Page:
"I think that will be a difficult, challenging process, but it does not need to be a panicky process," the president said.

    The Canadian and Mexican leaders largely echoed Obama's calls for staying focused on closer economic ties. Pena Nieto said Mexico sees opportunity for growth and investment by broadening its relationship with the rest of the continent.

    "We are competitors, yes, but we have complimentary economies, and that will give more development to our society," he said.

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    And Trudeau said the three leaders' strategy for combatting protectionist views was to "highlight how much trade and positive agreement among our nations are good not only for the economy of the world and the economy of our countries, but it's also good for our citizens."

    Yet it was Trump and his insistence that Americans are better served by reasserting independence that shadowed the leaders' meetings at the annual North American Leaders' Summit. Even as the three took the podium in Ottawa, Trump was threatening to pull the U.S. out of the North American Free Trade Agreement, chanting at a rally, "No more NAFTA."

    When a reporter asked the leaders to weigh in on Trump, Obama intervened before Trudeau could answer, suggesting he should be careful what he says in case Trump ends up winning.

    "I'm not saying they shouldn't answer. I'm just — I'm helping him out a little bit," Obama said.

    He appeared personally insulted by Trump's claims to represent the public's best interests, accusing the presumptive Republican nominee of wrongly purporting to be a populist. He said people like Vermont Sen. Bernie Sanders rightly deserve label of "populist" but that Trump is merely resorting to "nativism," ''xenophobia" and "cynicism."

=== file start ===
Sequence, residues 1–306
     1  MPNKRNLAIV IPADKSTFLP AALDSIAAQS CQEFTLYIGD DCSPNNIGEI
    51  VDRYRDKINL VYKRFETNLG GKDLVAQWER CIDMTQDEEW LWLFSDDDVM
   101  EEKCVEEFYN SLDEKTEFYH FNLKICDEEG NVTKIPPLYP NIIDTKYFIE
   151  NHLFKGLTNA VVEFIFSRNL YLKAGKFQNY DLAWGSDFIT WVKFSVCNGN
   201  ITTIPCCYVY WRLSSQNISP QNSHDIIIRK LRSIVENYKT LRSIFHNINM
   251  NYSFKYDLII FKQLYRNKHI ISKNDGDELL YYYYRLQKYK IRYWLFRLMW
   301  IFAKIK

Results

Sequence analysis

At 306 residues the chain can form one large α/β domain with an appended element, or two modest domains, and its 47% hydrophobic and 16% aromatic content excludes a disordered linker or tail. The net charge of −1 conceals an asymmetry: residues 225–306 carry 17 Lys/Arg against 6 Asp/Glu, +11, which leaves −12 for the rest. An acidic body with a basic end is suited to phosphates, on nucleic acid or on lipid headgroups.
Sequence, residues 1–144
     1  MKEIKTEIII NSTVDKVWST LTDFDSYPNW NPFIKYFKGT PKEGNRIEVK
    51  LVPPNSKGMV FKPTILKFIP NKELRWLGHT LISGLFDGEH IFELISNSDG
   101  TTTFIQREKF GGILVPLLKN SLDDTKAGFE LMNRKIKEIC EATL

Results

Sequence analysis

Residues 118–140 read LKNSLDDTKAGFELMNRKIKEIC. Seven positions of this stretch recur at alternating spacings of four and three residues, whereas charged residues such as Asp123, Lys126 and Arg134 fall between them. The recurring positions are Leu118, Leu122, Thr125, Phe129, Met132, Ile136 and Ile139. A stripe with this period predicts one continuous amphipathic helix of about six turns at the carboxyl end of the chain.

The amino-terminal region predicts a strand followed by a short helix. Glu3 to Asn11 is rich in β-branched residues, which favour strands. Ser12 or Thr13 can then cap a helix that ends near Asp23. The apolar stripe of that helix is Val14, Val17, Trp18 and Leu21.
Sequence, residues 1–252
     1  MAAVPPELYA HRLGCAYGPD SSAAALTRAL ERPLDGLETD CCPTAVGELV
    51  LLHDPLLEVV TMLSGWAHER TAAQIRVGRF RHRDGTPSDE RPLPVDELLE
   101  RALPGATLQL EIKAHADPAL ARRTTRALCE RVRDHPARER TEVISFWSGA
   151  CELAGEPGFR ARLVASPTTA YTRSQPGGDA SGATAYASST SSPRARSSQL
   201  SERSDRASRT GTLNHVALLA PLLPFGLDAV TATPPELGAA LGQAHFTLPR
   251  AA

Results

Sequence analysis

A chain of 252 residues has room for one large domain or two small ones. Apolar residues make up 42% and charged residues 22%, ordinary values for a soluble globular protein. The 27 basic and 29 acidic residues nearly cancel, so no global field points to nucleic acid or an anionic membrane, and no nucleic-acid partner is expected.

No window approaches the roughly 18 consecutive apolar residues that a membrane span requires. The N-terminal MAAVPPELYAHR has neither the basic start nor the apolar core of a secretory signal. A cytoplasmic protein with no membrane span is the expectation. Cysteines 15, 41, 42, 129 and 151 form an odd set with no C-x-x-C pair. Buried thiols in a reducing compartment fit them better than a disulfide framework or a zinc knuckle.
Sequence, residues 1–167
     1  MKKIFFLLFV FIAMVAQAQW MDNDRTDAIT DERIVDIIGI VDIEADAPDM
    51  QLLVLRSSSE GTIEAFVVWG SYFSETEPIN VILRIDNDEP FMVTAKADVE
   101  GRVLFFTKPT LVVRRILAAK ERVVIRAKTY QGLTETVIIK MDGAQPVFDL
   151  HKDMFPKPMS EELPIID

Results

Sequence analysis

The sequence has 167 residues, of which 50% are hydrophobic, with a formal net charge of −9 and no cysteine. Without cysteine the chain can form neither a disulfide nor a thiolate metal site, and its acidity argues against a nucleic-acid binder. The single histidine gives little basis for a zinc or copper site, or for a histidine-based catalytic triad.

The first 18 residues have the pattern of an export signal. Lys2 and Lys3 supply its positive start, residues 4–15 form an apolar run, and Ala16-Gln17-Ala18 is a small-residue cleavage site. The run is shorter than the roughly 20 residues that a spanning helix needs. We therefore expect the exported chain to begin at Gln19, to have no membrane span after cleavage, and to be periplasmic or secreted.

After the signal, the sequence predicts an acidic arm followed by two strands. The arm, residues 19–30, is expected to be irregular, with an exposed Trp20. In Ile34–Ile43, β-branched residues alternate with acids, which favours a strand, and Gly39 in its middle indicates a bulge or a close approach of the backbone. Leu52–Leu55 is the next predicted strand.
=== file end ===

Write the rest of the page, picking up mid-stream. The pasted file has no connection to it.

The attack on a Turkish airport in which dozens died on Tuesday added to the urgency of discussions about how the three countries can work together to enhance security. Sitting down earlier with Pena Nieto, Obama said the gun-and-bomb attacks show how little these "vicious organizations" have to offer.

    "We will not rest until we have dismantled these networks of hate that have an impact on the entire civilized world," Obama said.

    Ahead of the summit, Trudeau and Pena Nieto announced measures to reduce barriers during the Mexican leader's state visit to Canada. Trudeau said Canada will lift visa requirements for Mexican visitors as of December 2016. Pena Nieto agreed to open Mexican markets to Canadian beef.

    Efforts to curb global warming were a big part of the summit. The leaders pledged to rely on renewable energy to generate 50 percent of North America's electrical power by 2025. Mexico also committed to joining the United States and Canada in tackling methane emissions.

    Associated Press writers Josh Lederman, Kathleen Hennessey and Darlene Superville in Washington contributed to this report.